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This followed Meta’s announcement it would permit posts such as “death to Russian invaders” but not credible threats against civilians. Meta appealed against the ban but it was upheld by a Moscow court in June.
The ban did not apply to WhatsApp, which Meta also owns.
However, the new move to add the platforms to a list of terrorist organisations shows Putin’s resolve to control all media accessed by Russian citizens – a fight experts say he is losing.
According to Interfax, being placed on a list of extremist organisations means banks can freeze Meta’s funds in Russia.
Other groups on the list include the Taliban and Russian opposition parties.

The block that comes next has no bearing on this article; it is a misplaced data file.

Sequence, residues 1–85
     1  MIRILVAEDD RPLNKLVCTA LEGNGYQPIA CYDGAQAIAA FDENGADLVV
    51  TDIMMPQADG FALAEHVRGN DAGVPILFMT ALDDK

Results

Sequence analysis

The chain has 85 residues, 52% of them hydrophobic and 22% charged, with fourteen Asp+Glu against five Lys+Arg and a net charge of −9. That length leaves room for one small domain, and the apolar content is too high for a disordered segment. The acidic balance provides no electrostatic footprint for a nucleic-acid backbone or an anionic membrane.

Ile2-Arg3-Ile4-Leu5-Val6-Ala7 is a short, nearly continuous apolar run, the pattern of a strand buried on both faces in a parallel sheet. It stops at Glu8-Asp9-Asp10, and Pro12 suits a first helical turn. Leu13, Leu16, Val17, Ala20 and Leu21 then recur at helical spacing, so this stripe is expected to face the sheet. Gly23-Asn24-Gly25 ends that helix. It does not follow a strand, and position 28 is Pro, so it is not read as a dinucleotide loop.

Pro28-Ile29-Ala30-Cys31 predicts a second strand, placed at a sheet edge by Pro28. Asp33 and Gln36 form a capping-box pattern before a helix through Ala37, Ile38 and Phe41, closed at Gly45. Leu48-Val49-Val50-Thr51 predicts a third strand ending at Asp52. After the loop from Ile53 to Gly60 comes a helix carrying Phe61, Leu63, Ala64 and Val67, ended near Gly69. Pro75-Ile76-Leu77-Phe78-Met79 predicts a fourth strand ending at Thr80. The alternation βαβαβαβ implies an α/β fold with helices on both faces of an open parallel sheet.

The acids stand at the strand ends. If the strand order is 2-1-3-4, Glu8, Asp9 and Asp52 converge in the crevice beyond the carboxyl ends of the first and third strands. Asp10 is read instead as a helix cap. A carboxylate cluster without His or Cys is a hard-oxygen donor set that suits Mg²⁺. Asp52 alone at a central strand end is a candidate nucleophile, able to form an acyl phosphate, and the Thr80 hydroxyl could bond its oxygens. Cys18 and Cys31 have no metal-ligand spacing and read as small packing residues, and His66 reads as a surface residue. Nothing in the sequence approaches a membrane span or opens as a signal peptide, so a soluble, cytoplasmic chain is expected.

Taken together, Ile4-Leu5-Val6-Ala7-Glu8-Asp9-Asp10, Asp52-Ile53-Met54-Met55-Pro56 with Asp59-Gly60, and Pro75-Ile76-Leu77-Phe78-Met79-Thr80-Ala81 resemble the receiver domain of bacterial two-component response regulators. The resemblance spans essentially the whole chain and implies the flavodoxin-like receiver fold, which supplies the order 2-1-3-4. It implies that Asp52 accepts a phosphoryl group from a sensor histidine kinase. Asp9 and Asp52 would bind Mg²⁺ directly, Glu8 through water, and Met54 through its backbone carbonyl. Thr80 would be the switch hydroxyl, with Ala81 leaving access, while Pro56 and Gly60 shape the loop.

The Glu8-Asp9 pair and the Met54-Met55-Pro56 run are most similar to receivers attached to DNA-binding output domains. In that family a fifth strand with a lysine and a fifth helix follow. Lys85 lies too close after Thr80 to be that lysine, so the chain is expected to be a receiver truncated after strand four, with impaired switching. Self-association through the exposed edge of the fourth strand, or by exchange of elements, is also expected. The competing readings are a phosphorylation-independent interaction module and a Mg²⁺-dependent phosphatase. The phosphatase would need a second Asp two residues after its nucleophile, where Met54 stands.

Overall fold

Twitter has also been restricted in Russia.
Russia has faced international isolation and strict economic sanctions since invading Ukraine and has responded by clamping down on the means of spreading dissent.
It has passed laws restricting what can be reported in the country – punishable by long prison sentences.
One of the country’s few remaining independent news organisations, the Novaya Gazeta newspaper, suspended operations in March, after receiving warnings from Russia’s media watchdog.
A number of high-profile international journalists, including BBC News correspondents Clive Myrie, Orla Guerin and Nick Robinson, have also been barred from working in Russia.
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